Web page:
54 pages 1 hour read

John Updike


Fiction | Short Story | Adult | Published in 1961

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Socio-Historical Context

Updike wrote “A&P” in America during the early 1960s, a time rife with tension on the social, political, economic, and cultural levels. In this postwar period, the country enthusiastically hoped to innovate toward prosperity. These advancements included new luxury housing developments (think of the Point in “A&P”) and were growing alongside several social justice initiatives. As national wealth increased, middle-class Americans began to feel the strain that came with walking a fine line between poverty and comfortability. Sammy’s town is similarly suspended; it borders a well-off resort town while being five miles from the beach. The entrance of Queenie and her friends into the A&P is destabilizing for Sammy, for whom it makes the class divide extremely apparent.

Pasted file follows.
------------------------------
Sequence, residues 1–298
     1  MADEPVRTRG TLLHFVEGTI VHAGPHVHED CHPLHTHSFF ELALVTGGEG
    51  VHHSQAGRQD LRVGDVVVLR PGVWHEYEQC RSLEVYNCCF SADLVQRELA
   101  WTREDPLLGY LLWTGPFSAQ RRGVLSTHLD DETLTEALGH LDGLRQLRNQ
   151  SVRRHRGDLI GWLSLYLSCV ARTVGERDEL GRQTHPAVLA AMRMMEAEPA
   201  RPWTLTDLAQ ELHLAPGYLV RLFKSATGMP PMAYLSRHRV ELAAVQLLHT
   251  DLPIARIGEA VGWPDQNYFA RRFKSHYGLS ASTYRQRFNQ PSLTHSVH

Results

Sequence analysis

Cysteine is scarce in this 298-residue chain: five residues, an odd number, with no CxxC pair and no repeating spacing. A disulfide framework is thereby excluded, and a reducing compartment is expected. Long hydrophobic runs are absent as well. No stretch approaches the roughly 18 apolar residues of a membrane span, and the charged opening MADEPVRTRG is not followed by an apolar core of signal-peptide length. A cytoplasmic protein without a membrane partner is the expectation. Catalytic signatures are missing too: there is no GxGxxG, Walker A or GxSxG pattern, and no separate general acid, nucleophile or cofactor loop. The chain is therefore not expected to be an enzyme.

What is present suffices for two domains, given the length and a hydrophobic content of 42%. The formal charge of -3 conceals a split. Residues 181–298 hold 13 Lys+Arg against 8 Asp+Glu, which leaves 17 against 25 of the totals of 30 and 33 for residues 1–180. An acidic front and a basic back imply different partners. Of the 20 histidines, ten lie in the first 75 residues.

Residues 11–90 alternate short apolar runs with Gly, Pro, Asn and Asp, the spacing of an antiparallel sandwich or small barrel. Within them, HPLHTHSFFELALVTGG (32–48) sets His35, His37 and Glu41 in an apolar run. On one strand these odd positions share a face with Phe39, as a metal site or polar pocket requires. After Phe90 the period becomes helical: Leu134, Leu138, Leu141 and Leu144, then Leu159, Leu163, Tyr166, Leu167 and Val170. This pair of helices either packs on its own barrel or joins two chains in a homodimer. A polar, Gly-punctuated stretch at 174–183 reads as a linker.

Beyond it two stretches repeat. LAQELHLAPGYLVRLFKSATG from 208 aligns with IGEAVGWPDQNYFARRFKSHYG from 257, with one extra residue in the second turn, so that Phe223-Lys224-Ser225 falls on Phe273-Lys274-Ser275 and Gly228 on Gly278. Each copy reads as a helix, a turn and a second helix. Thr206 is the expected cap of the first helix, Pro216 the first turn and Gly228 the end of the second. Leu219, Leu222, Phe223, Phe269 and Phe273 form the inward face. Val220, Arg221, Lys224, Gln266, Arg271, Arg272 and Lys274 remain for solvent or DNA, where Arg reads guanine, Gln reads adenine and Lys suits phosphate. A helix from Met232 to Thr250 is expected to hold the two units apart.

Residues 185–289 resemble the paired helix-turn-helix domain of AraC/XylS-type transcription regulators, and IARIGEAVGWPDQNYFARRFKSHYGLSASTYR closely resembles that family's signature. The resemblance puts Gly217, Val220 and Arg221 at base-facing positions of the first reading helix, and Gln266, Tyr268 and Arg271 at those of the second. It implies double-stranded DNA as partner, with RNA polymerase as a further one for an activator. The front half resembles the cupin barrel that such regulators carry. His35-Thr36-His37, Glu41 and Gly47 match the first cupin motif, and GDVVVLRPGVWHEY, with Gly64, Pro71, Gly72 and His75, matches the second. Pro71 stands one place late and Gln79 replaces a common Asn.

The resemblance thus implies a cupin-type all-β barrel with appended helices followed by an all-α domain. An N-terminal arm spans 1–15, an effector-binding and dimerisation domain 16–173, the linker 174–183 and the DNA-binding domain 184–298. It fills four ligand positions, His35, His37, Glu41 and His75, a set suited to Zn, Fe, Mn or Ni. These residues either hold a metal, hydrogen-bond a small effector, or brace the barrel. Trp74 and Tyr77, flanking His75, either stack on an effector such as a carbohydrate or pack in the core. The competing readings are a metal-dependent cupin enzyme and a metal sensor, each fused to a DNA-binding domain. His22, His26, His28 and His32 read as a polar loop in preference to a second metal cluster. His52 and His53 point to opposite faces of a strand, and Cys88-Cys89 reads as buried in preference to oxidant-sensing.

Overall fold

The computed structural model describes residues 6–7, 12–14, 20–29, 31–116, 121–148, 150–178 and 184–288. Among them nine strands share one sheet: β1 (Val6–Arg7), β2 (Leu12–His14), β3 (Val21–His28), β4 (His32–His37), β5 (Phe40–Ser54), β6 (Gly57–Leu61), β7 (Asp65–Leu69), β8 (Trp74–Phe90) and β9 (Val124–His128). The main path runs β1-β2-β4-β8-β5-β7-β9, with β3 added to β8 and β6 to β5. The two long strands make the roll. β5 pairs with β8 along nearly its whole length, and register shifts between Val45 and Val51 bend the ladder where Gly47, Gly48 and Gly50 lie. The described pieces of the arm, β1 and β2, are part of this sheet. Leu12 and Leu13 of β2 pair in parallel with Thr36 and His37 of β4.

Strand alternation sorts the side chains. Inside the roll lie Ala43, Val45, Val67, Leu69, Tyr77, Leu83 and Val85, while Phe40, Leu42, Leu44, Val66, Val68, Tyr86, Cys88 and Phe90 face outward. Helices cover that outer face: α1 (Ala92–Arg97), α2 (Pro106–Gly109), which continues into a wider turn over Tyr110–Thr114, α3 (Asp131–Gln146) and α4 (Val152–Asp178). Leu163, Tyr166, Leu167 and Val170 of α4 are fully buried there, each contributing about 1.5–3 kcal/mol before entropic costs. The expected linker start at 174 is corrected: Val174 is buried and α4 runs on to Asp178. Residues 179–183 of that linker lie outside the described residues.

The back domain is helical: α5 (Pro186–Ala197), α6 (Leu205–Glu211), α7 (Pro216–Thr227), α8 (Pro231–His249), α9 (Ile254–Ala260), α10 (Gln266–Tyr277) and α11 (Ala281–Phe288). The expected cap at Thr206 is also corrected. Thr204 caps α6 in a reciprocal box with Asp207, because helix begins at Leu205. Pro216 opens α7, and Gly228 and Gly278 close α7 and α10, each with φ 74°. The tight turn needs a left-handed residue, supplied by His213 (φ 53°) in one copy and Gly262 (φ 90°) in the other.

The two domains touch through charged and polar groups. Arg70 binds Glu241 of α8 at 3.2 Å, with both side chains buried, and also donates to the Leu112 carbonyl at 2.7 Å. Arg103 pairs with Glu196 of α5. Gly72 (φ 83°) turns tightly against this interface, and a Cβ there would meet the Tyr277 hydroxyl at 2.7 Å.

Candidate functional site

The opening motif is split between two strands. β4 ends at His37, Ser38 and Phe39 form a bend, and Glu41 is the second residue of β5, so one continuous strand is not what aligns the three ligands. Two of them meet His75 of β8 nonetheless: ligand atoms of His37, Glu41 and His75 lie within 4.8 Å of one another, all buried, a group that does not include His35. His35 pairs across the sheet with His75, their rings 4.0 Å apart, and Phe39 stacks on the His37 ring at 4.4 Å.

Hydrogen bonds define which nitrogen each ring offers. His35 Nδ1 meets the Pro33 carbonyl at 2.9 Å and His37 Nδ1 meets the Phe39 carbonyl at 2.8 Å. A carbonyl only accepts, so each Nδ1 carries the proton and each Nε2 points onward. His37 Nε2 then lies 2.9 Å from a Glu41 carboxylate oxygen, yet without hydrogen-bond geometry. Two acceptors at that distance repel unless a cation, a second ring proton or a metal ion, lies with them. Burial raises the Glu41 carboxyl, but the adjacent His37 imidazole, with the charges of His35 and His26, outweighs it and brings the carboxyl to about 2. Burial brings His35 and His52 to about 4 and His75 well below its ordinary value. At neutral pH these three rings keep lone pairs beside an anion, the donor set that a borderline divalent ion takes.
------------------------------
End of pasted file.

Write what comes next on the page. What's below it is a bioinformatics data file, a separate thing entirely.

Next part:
As a member of the middle class, Sammy houses ideals that seem more aligned with the upper class. This is why he is particularly thrown off balance and yet enchanted by Queenie. In her, he sees the possibility of individualism—the ability to walk into a store dressed however you want and suffer no real consequences. The 1960s inspired much youthful rebellion, most famously against conformity, authority, the Vietnam War, and racism. There was a push toward personal freedom at the expense of tradition.